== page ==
Gjama e Burrave/Men’s Lament of Dukagjin is a very ancient death rite, handed down through generations, used to honor the name of the dead.
This death rite or custom in certain cases is also called vallja e vdekjes/dirge, whereby people circle around the man they have lost to honor him and swear to carry out his last wishes and virtues, or even to take revenge when he gave his life at war with the enemy.
In these provinces, gjama e vdekjes has also served to pass on the death news when no means of communication was in place.
According to research and folk stories, the rite or custom of Gjama e Burrave in Dukagjin originates from the time when Gjergj Kastrioti Skanderbeg – the Albanian leader, passed away. Prince Lekë Dukagjini with the other princes, out of grief for the death of the braveheart Gjergj Kastrioti, lamented loud out with shouting words, stroked their chests, pulled out their hair in deep sorrow, and bloodily scratched their faces.
This rite was enriched with a special choreography which in turn, has been passed down and enriched over generations. This old rite shows no violence or bloodiness.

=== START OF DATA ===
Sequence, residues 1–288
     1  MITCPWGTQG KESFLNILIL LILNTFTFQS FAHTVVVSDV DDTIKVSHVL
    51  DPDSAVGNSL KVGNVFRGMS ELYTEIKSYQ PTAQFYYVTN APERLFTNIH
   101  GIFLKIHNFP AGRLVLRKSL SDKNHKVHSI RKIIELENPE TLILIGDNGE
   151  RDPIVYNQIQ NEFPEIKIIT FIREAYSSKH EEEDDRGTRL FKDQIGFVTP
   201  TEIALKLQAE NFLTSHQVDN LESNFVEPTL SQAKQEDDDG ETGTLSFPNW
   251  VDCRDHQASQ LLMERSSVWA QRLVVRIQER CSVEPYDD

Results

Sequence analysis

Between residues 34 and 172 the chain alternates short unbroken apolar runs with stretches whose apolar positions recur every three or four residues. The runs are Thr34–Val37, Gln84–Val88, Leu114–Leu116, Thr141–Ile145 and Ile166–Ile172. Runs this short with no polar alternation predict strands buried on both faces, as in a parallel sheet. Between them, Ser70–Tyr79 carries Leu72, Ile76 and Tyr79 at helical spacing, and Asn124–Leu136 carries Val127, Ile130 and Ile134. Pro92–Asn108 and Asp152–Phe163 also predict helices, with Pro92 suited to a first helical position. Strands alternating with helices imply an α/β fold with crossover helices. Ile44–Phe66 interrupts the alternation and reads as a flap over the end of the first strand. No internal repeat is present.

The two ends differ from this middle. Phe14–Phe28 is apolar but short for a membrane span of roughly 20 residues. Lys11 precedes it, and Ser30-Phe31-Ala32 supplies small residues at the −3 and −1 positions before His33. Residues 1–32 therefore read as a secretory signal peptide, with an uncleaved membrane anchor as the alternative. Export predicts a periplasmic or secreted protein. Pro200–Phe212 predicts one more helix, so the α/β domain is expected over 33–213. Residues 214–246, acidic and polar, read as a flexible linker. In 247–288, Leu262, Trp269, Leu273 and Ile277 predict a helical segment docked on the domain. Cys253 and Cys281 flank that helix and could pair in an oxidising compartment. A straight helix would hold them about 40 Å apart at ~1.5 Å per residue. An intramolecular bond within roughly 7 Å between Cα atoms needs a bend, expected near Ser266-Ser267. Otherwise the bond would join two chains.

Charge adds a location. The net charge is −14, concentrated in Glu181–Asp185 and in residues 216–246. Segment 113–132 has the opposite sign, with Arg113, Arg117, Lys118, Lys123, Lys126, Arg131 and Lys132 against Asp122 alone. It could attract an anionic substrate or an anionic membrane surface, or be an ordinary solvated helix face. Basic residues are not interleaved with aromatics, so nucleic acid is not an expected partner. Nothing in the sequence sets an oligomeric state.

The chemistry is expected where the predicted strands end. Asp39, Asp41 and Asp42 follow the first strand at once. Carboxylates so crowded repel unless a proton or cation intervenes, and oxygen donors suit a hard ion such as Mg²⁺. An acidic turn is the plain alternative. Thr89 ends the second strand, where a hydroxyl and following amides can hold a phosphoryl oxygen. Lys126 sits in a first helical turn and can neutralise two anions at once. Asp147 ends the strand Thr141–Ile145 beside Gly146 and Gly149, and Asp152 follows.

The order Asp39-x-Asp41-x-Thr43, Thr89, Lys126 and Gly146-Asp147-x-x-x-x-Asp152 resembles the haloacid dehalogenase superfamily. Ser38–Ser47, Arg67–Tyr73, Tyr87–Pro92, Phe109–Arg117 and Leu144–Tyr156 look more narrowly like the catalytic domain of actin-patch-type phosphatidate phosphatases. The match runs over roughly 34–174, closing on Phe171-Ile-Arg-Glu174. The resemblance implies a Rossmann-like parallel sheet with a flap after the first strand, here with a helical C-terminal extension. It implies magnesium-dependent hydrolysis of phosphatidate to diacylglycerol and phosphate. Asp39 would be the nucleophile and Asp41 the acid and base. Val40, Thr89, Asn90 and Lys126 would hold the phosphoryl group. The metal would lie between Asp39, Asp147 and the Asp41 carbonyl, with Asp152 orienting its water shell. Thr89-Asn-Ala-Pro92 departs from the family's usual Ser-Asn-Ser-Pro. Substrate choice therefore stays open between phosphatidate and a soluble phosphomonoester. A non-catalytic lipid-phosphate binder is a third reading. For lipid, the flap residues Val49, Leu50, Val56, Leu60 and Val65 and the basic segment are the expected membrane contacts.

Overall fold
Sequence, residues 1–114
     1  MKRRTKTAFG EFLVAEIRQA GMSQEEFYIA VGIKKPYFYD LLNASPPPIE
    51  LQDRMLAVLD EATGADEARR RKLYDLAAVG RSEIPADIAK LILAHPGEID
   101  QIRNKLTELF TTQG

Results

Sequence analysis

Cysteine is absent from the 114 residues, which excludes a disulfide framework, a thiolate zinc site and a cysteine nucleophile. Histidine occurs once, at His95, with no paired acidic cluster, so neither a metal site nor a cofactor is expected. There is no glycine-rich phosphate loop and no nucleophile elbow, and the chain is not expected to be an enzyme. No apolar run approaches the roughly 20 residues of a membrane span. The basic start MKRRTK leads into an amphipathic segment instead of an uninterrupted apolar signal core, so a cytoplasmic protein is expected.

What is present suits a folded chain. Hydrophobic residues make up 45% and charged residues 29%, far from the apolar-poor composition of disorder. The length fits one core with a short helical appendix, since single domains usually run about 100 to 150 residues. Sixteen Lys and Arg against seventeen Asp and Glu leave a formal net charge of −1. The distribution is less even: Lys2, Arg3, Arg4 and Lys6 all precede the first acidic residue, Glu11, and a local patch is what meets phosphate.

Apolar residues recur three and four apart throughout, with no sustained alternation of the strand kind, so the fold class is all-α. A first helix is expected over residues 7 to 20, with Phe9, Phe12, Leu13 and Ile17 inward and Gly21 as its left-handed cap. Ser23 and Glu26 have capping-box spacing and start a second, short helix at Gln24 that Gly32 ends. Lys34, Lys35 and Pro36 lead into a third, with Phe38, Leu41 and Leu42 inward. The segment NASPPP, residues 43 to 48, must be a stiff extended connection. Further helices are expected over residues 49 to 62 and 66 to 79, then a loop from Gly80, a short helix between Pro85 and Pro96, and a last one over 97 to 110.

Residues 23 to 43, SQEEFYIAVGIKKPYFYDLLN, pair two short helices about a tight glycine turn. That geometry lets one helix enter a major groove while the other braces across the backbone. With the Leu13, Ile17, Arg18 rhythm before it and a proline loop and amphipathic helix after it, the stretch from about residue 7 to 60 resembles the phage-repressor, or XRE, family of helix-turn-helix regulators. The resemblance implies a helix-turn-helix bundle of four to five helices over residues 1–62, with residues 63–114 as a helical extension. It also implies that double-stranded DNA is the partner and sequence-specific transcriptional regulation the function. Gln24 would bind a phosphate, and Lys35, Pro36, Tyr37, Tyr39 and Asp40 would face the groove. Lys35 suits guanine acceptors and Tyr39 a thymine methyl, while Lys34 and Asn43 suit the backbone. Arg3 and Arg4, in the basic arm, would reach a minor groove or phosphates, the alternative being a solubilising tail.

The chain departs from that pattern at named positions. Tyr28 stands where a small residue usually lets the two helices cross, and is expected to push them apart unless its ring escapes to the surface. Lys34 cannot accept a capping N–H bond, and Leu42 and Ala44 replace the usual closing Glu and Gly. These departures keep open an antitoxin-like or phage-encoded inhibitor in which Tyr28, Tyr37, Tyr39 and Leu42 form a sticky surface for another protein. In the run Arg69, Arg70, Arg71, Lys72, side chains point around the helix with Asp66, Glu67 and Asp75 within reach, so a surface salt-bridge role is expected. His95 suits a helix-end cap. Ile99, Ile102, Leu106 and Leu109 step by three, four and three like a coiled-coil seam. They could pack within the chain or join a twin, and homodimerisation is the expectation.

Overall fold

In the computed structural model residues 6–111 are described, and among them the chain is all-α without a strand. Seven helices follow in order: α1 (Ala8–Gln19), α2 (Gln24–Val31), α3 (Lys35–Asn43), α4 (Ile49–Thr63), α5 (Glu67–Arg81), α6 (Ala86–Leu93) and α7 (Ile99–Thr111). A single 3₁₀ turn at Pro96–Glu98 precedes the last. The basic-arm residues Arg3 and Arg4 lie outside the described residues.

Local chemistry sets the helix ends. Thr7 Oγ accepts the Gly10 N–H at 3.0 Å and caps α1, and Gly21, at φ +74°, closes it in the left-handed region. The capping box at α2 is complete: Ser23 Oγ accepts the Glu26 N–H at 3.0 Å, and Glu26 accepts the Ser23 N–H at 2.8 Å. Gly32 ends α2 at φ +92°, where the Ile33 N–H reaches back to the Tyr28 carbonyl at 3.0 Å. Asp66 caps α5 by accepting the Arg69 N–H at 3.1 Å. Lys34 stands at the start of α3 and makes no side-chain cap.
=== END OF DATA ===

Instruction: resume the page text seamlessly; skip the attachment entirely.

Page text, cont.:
The group of gjama performers needs a quorum of not less than 10 people, adult males, selected based on their vocals, as understood from the name “Gjamë burrash”. The larger the number of men taking part in the lamentation ceremony, the higher the respect for the deceased.
How is Gjama performed?
The first call mimics the sound of mountains when lightning strikes. The leader who leads the gjama bears responsibility for each detail. If the deceased is a male, gjama can be performed at any age. If the deceased is a female, gjama can be performed only once by her family’s side (family, tribe).
The text of gjama is summarized in a call by unifying voices, e.g. if it is meant for the nephew, the words are: O i mjeri nipi i jem! meaning Woe, my wretched nephew! If it is meant for the friend: O i mjeri miku i jem! meaning Woe, my wretched friend! and if it is meant for the neighbour: O i mjeri vllau i jem! meaning Woe, my wretched brother!
Each tribe or villager attending a death ceremony had the right to perform their gjama.
Gjama has also maintained the typical clothing. Guberja e zezë me tufa (a heavy knee-length black tasseled garb) was commonly used.
This rite became extinct after the ‘45s, strictly forbidden by the communist regime which dubbed it a backward custom, but the rite resumed its journey after the 90s to the present day.